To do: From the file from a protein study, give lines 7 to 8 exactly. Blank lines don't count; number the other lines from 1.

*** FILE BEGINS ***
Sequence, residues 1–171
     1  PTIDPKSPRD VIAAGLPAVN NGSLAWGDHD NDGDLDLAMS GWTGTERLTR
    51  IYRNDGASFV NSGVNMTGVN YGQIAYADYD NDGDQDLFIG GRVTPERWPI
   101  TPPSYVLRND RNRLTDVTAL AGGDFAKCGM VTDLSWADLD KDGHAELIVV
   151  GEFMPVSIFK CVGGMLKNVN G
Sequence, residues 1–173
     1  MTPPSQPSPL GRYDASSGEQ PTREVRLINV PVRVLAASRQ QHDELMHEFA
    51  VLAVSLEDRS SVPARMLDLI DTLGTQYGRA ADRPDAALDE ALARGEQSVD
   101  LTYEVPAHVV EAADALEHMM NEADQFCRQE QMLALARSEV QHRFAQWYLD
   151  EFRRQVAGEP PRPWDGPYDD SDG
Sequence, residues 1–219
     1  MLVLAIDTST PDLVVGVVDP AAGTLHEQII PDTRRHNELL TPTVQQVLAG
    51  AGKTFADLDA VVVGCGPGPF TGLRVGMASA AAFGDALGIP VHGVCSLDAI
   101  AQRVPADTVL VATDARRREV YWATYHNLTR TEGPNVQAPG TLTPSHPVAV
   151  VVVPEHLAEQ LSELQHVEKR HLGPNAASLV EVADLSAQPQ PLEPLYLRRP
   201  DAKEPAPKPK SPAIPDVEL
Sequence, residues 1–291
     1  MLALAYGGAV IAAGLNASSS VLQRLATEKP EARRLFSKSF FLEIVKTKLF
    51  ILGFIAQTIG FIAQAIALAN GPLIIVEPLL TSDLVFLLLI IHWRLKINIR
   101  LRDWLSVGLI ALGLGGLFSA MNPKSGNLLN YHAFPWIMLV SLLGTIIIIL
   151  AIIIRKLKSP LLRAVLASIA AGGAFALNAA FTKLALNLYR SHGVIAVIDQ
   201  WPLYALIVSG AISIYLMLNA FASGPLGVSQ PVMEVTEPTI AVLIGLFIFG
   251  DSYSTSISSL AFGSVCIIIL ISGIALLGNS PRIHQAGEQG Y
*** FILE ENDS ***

     1  MTPPSQPSPL GRYDASSGEQ PTREVRLINV PVRVLAASRQ QHDELMHEFA
    51  VLAVSLEDRS SVPARMLDLI DTLGTQYGRA ADRPDAALDE ALARGEQSVD